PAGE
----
Finding His Superpower: How Brian Lora’s Fail-Fast Mentality Got Him His Dream Job in Software

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Every kid wants to be a superhero someday. Brian Lora was able to do it.

“It’s corny, but I was always interested in software because that is a superpower,” he said. “Understanding software, I can create anything that that comes to my mind. That’s the closest thing to being an actual superhero.”

With that goal in mind, Brian decided to put on his cape and enroll in the Columbia University Coding Boot Camp—a move that changed his life for the better.

A quick start to a new life

After graduating from a school in the Bronx with an associate’s degree in business administration and management, Brian fell into a role he wasn’t entirely interested in: accounts receivable at a New York warehouse. The job was just a paycheck. But while he went through the motions, Brian’s mind was elsewhere—daydreaming about his old dream of being a superhero.

So he began teaching himself to code.

When he started to learn JavaScript, a door was immediately opened. Looking into coding resources, he stumbled across the Columbia University Coding Boot Camp. Being from New York, he already felt comfortable with the location. More importantly, he respected the reputation of the university.

“I started having some conversations with people about the boot camp to learn more” Brian said. “They didn’t have to do much convincing. I was sold immediately.”

Just a couple of days later, Brian took the preliminary test. Within a week of finding the boot camp, he was in, ready to discover his superpower.

Working through the fears

On the first day of the boot camp, Brian was excited but nervous, which was a new feeling for him.

“I’m generally a very confident person since I have a sales background,” he said. “But most of the coding I’d done previously was in my home. Now I was in a room of bright minds. It was nerve-wracking.”

His fears quickly melted away. “From the first day, the instructor and TAs broke that barrier. They were ready and able to answer any questions I had,” Brian said. “After the first week, I was very comfortable. It was a very conducive environment for learning, and I felt right at home.”

It’s sometimes good to fail

Brian went into the boot camp with a desire to fail fast.

“I live by this ideology where if you’re going into this new venture, you want to get feedback on mistakes as soon as possible,” he said. “That way, you can start rectifying the mistakes.”

His three class projects gave him this opportunity. The first project—a website like StubHub where users could find local events—was definitely the hardest. Not only did Brian and his teammates have to navigate the newness of the software languages, they also had to figure out how to work together. But by the next project, the class had grown to know each other well, and the work felt so much more manageable and enjoyable as a result.

For the final project—Brian’s favorite of the three—he decided to work alone to test his skills through his fail-fast philosophy. He created a networking platform for people with technical backgrounds to come together and create projects together or find new job opportunities.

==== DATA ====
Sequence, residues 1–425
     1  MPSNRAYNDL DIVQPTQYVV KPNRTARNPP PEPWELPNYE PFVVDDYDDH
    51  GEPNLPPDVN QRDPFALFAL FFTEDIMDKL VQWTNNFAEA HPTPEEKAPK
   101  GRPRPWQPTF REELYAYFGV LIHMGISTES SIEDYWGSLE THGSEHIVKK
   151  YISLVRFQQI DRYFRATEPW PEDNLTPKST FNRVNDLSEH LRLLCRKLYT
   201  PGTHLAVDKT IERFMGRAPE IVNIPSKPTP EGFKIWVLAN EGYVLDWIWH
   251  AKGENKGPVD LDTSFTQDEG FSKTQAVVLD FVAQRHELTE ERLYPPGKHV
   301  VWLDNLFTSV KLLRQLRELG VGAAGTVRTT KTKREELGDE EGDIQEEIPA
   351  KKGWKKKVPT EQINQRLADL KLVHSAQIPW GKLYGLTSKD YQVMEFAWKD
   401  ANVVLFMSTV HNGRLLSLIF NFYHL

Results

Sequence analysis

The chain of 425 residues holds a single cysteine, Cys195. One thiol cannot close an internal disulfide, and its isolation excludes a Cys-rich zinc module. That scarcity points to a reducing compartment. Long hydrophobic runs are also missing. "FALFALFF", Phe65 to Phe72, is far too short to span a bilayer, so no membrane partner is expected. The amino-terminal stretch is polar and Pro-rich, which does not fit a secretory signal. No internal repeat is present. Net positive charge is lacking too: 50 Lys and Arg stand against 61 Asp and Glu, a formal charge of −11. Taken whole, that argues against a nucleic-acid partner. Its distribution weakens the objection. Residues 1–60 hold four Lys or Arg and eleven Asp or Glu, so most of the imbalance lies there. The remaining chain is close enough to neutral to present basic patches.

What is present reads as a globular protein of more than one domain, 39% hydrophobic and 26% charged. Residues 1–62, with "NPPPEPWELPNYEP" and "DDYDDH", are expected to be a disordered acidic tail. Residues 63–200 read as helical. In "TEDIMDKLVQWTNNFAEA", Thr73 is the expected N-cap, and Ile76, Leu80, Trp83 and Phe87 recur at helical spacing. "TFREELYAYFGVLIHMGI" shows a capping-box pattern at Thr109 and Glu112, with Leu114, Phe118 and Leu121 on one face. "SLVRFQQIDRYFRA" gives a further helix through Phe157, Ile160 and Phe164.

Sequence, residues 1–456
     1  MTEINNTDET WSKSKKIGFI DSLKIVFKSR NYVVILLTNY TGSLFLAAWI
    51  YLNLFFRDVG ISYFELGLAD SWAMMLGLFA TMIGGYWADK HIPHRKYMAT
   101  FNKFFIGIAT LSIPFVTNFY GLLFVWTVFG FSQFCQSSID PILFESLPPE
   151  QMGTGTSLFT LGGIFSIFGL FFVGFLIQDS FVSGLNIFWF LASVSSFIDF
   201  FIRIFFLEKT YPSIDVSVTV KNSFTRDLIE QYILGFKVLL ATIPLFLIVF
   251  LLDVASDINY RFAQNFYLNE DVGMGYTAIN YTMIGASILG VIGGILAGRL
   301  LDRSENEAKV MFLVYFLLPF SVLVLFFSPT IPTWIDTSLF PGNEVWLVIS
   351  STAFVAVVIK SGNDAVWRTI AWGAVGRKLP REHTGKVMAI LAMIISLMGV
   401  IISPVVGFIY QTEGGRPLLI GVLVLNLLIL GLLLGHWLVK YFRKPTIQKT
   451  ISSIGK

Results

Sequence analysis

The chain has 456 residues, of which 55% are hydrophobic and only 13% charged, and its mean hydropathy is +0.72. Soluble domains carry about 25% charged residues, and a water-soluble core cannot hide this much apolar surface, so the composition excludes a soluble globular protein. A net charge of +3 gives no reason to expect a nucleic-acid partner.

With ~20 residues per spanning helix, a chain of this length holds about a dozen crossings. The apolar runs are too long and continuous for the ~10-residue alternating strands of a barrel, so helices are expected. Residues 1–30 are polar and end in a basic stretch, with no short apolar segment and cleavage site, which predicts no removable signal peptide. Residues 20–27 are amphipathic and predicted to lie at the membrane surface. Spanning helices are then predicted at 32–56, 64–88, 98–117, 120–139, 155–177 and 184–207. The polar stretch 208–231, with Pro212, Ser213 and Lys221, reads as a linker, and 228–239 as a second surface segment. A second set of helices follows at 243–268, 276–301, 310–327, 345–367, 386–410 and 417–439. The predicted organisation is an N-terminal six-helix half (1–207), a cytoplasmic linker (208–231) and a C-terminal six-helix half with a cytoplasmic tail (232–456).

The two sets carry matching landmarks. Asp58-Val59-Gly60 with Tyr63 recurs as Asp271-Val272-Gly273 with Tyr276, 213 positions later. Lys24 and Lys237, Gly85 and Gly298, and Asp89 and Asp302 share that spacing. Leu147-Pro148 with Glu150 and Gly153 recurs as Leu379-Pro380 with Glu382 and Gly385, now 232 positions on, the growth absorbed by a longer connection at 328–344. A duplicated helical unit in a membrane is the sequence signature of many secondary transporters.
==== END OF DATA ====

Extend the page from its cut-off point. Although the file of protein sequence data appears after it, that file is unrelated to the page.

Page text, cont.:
The platform was ideal for boot camp grads looking to forge ahead in their new software careers. But Brian had no use for it himself. He managed to find a career on his own.

Becoming a superhero

Two months into the boot camp, Brian put his ideology to the test and began to search for a new career. “After getting some confidence in my skills and feeling more comfortable, I decided to start applying to jobs,” he said. If nothing else, he figured he’d get better at interviewing, which would benefit him after graduating.

But what started out as just interview practice quickly turned into an unexpected opportunity. “I got a response from a start-up called Cryzen,” Brian said. “Though it was just an admin role, I figured I would be working with decision-makers at a small company, and maybe I could weasel my way into software.”

His plan worked. During the interview process, Brian’s newfound skills impressed the founders‚ but not as much as his willingness to learn. He was hired immediately.

Since landing the new gig, Brian has been able to blend his background in business with his new understanding of software to create the perfect job. “At the warehouse, I took a position because it was the best-paying position I had the skills for,” he said. “At Cryzen, it’s almost night and day. I get to work on software which is my passion, and I couldn’t be happier.”

Looking back, Brian knows that he couldn’t have gotten where he is today without the boot camp. His self-taught skills could only take him so far. The structure and support of the course helped him find the superpowers he always knew he had.

“I would advise anyone to take the course. You have all to gain and nothing to lose. The experience has been amazing,” Brian said. “I’ve acquired skills, thought processes, and new connections. The support was incredible. Even now, two months removed from graduation, the TAs are still answering our questions in the Slack channel!”

Brian is finally the superhero he set out to be. And with his coding superpower unleashed, he can do anything. Maybe even change the world.

Want to uncover your superpowers and turn your passion into a meaningful career? Explore our learning opportunities at Trilogy Education.

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